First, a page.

Andrew: Today, we look at Regnum Angelica, the first major release from Black Locust Games. Designed specifically for two players, one of us will herald the noble Arch, while the other takes command of the terrifying Fallen, as each of these two mighty factions seek to overwhelm and ultimately conquer the other’s domain. How do the hosts of the heavens stack up against the legions of the inferno? Must a 2-player symmetrical strategy game with binary color options inevitably endure comparisons to chess? Will I ever manage to actually beat Jess at a 2-player game? Come on in and find out as we take a look as we check out Regnum Angelica!
I sit across the table, the battlefield, from her and I watch her take her turn. She is looking over her forces, and for a moment the only sound comes from the click-click-click of her rolling the shiny red movement cubes between her fingers as she contemplates her troop deployment.
At the center sits her general, the Archangel Gabriel, a Goliath monstrosity whose power level is literally infinity. Nothing can stand up to that beast, save for my own general, tragically buried somewhere in my draw pile and unable to help, or perhaps a handful of Angelic Scripts, none of which I have been fortunate enough to draw. The only saving grace is that Gabriel is ponderously slow; I have three turns, at least, to come up with some sort of counter to his crushing advance, even more if she decides to spend turns brutalizing my troop formation rather than just push straight to the goal. I’m not worried. I have time.
Then she does something for which I am unprepared. Smoothly, she places her movement cubes on one of her lesser angels and streaks past my front line – no matter, such a weak angel is hardly worth any points – but then she stops just shy of scoring. Why would she do that?
That seraphic smile of hers goes wicked as she ticks down the stone of her Power meter, indicating the activation of a Script. My nerves skitter.
And so, suddenly, the Archangel is at the gates of my domain, without even a minor Fallen to slow him down.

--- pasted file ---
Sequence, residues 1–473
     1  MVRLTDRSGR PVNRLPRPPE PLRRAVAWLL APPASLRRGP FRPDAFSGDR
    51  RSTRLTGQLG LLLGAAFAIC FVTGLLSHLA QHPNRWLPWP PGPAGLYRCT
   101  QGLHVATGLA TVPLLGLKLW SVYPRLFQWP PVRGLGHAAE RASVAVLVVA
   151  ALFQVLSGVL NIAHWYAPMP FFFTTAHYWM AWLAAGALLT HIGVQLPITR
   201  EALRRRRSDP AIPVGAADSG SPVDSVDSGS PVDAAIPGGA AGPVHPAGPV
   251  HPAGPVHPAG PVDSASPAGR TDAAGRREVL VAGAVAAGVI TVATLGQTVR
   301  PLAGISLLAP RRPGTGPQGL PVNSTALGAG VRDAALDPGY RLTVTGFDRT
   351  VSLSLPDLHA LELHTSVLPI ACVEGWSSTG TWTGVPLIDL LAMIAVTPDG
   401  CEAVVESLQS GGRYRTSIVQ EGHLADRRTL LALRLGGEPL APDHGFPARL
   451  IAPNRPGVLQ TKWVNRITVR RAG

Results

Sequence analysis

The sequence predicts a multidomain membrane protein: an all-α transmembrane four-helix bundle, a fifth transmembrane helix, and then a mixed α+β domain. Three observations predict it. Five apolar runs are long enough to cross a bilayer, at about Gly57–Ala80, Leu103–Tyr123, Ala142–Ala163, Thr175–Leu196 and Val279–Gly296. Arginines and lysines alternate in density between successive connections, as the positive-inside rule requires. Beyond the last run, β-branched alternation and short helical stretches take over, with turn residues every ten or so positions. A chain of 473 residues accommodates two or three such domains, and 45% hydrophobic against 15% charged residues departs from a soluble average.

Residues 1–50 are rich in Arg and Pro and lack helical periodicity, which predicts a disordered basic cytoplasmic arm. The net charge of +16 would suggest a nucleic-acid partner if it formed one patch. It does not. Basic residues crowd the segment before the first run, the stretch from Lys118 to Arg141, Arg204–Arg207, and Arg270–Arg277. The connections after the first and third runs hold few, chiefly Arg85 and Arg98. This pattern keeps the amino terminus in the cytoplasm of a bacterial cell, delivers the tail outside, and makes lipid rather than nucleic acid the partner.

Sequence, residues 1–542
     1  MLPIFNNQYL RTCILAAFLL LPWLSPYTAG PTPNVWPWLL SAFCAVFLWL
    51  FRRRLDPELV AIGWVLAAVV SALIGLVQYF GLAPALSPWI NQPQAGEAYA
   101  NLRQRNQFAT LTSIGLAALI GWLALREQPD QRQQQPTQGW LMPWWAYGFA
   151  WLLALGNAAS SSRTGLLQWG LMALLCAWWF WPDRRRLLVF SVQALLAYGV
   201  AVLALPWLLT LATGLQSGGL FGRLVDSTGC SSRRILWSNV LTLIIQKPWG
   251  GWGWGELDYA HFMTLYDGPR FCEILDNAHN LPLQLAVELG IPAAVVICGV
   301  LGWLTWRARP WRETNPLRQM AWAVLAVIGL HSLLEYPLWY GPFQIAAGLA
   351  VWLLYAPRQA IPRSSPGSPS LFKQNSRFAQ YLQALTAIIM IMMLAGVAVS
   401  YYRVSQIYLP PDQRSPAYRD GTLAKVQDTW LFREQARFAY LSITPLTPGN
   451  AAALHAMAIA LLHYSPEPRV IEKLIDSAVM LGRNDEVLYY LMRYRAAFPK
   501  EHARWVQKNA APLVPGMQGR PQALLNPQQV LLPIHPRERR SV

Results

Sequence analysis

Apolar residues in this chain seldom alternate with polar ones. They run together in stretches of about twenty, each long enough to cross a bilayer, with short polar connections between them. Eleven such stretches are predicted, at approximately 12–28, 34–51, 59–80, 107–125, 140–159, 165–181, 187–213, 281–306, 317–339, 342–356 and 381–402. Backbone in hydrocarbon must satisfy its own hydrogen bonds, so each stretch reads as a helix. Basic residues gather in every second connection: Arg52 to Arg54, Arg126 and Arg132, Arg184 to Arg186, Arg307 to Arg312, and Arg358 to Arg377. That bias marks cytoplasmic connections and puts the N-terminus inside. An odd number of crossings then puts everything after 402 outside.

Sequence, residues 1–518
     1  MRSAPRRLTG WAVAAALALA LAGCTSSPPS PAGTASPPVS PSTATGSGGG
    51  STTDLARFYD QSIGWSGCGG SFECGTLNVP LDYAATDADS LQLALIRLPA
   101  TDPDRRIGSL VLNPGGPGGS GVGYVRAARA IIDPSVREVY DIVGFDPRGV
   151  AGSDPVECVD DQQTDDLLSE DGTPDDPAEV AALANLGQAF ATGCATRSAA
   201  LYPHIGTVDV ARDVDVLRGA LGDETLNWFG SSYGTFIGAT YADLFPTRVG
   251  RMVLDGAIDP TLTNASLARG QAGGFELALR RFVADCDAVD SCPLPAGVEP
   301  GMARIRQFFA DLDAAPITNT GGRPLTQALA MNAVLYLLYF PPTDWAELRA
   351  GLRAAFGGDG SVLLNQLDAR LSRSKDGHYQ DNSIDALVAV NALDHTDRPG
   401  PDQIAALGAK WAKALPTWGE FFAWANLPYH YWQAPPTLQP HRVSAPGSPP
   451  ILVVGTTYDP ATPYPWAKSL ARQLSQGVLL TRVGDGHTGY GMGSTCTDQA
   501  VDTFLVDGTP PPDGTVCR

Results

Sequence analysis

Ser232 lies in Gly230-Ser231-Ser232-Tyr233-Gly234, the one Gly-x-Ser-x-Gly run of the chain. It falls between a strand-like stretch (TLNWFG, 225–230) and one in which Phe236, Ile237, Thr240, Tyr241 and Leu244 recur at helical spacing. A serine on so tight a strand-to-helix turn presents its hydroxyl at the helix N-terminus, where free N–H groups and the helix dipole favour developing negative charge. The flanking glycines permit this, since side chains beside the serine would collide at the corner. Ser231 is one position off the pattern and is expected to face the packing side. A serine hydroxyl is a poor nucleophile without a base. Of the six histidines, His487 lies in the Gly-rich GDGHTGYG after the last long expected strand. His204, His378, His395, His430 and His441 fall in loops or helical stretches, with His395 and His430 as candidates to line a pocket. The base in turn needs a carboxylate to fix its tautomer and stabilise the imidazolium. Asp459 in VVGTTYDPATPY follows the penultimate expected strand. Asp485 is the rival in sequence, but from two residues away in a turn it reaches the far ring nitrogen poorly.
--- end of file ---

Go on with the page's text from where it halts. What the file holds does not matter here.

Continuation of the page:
The click of a movement cube being placed is as loud as thunder, and her champion moves into scoring position. That ten-point swing is as decisive an end as any swiftly-descending sword.
Let’s just get this out of the way – Regnum Angelica is not a friendly game. That isn’t saying it’s uninviting or difficult or unengaging – quite the contrary, actually. What I mean is that it is not a game which gives you any room to play nice with one another.
Regnum Angelica is a war. It’s a brawl. Actually, at its core, Regnum Angelica is a meat grinder.
There is a lot more elegance to the game, both in theme, presentation, nuance, and experience, but functionally, what that beautiful, glossy board really represents is a tight, befanged maw of death and destruction, into which both players pour their armies. I promise, I don’t mean that in a bad way, but it’s something which you should probably know going in.
Each turn, as laid out in the handy summary cards provided, players will add angels to the field and then march them forward, evading or crushing opposition along the way, all with the goal of reaching the far end of the board in order to score victory points. When angels meet, battle is joined, ending in the inevitable destruction of one or both combatants.
Battle is elegant in its simplicity – each angel has nine symbols, the ‘Attack Orientation Compass’, featuring elemental symbols for Earth, Fire, and Water (with the exception of the nigh-unstoppable generals and their ‘infinity’ signs). When an angel attempts to move through an enemy, one simply compares the relative symbols for the direction of attack, and apply the classic rock/paper/scissors formula.
Adding spice to the mix are the Angelic Scripts and Pillars, letting you manipulate the board and add defensive augmentations to your angels, as well as a Power pool which acts both as your per-turn movement allowance as well as the fuel for your Scripts. It all hangs together very neatly, making board position, movement, and orientation all critical parts of your strategy.